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Car carrier

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What's a car carrier?

Car carrier are special RoRo ships, which are designed for the transport of cars. They are often referred to as Pure Car Car Carriers (PCC) or Pure Car And Truck Carriers (PCTC).

The largest Pure Car Carrier (the Höegh Target) can transport up to 8500 cars on 14 different decks and is intended for trade from East Asia to Europe. This so-called New Horizon class is almost 200 meters long and 36 meters wide and is therefore not the longest car transporter despite the largest loading capacity.

How are car carriers loaded?

On this cargo ship mainly cars and trucks are loaded, but also buses and tractors can be shipped without problems. Loading and unloading a car transporter poses a particular challenge, as each vehicle has to be loaded and secured individually.

When the ship arrives at the port, a large team of drivers is already waiting at the terminal. The keys are usually already in the car and the respective driver only has to bring the vehicle on board or off board.

History of car carriers

Before special freighters were developed for the transport of cars, cars were shipped with conventional general cargo ships and the ships were loaded and unloaded with cranes. The cars were often taken along as additional cargo on so-called banana steamships.

The inadequate load safety, both for the vehicles and for the main load, and the increasing demand for transport options for large numbers of vehicles, however, led the shipping company Wallenius to develop specialized ships. It was not until the early 1950s that the ship “Jakara” was converted into a car bulk carrier and the first real car transporters (the Rigletto and Traviata) were delivered.

In 1958, the Blohm+ Voss shipyard developed special suspension decks, which were installed in the following years on around 250 cargo ships in order to equip them for the transport of cars. This hanging system first allowed an optimal use of cargo space for the transport of cars, but the ships were still loaded and unloaded with the ship’s own cranes. Since these ships mainly shipped VW Beetles to America, the hanging decks for the return voyage were pulled to the hold ceiling and the cargo holds filled with grain.

The RoRo method ( Roll on / roll off ), which is common today, was introduced at the end of 1963 on the ship type “Aniara”.


Technical features of a car carrier

Car carriers are easy to recognise from the outside because they have strikingly high side walls. The large surface area of the side walls poses a great challenge for the captains in strong winds, as the ships run the risk of drifting off course.

Behind these side walls, the ships have several tweendecks so that the vehicles can be loaded on top of each other. Ramps inside the ship take the vehicles from the lower to the higher tweendecks.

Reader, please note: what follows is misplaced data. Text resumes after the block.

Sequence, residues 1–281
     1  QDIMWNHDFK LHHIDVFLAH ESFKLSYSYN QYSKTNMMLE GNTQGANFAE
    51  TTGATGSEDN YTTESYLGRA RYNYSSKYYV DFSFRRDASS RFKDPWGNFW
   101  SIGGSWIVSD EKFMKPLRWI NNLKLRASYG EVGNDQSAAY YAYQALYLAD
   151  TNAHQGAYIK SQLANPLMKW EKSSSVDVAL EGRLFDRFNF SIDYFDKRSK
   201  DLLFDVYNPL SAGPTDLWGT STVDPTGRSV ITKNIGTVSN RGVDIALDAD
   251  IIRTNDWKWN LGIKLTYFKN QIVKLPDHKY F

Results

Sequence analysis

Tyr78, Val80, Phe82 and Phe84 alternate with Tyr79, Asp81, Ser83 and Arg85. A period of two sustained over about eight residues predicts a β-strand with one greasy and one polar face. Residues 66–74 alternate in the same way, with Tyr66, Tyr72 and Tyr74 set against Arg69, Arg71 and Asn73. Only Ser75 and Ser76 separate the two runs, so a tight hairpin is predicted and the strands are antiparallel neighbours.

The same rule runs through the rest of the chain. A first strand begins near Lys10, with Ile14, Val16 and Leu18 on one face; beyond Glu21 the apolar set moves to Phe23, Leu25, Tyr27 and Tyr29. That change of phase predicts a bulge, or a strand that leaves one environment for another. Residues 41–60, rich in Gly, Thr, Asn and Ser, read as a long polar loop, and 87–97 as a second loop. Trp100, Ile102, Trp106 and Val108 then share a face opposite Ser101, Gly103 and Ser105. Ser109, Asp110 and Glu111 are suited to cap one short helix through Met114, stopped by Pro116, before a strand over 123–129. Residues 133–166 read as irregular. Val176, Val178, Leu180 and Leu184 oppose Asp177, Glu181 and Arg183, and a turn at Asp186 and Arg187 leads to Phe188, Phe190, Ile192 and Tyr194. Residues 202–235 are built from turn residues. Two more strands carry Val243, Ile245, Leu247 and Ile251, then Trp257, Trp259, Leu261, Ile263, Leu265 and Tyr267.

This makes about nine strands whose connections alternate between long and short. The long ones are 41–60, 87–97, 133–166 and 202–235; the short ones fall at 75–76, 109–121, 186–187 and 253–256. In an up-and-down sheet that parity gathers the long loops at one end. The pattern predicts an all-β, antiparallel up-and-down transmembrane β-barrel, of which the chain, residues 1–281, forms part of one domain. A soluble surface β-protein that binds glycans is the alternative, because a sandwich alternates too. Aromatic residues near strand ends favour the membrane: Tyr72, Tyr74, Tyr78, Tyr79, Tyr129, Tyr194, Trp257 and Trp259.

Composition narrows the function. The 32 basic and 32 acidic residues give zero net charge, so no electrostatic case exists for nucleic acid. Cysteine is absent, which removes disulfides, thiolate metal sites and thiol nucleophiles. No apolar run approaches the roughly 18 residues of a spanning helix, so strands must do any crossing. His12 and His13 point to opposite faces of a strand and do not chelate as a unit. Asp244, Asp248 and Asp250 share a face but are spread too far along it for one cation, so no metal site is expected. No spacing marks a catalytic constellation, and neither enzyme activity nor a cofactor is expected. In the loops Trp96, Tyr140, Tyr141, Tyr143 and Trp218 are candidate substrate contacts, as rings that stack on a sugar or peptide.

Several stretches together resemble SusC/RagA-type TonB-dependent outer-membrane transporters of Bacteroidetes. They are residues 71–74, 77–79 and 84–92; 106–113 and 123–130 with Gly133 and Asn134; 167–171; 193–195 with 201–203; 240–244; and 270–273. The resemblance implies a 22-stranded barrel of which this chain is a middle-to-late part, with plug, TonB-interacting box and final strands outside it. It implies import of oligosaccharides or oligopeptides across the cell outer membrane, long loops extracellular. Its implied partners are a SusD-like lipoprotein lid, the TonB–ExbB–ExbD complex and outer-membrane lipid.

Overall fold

Particularly noteworthy is the low height of the tweendecks in order to keep the loss of cargo space to a minimum. Some of these tweendecks can even be adjusted in height, which also ensures optimum use of the cargo space.

For loading and unloading the ships usually have two ramps which are located on the sides, bow or stern in order to keep the loading time as short as possible.


Fields of application and routes of car carriers

The PCC’s are used in the worldwide maritime trade and bring new and used vehicles such as those of the German manufacturers from Europe to America and from there import models of the North American manufacturers back. The large PCC’s do not only operate between two ports, but often dock at more than 10 different ports before they return.

In the individual ports, parts of the cargo are unloaded and other vehicles are brought on board, which means an enormous logistical effort and requires precise planning. The largest port in Europe specialising in the handling of cars is the Belgian port of Zeebrugge.

With approx. 2.8 million cars handled annually, it lies ahead of the BLG terminal in Bremerhaven (2.3 million). The somewhat smaller PCC’s, which can only load a few hundred cars, are also used in feeder traffic or inland navigation.

Car carrier in inland navigation

Inland navigation is still a relatively young market segment, as it was not until 1982 that the company began bringing vehicles from the Ford works near Cologne to the Netherlands.

The relatively smaller inland waterway vessels have loading capacities of up to 600 vehicles and only have up to five height-adjustable tweendecks in the hold. Modern PCC’s used in inland navigation are up to 110 metres long, approx. 12 wide and have a draught of only 3.2 metres to withstand the low draught restrictions.

In order to master waterways with low bridge crossings, some ships are able to dismantle the top deck. In order to be able to navigate flexibly in the narrow fairways, most inland car carriers have a bow propeller in addition to their stern propeller.

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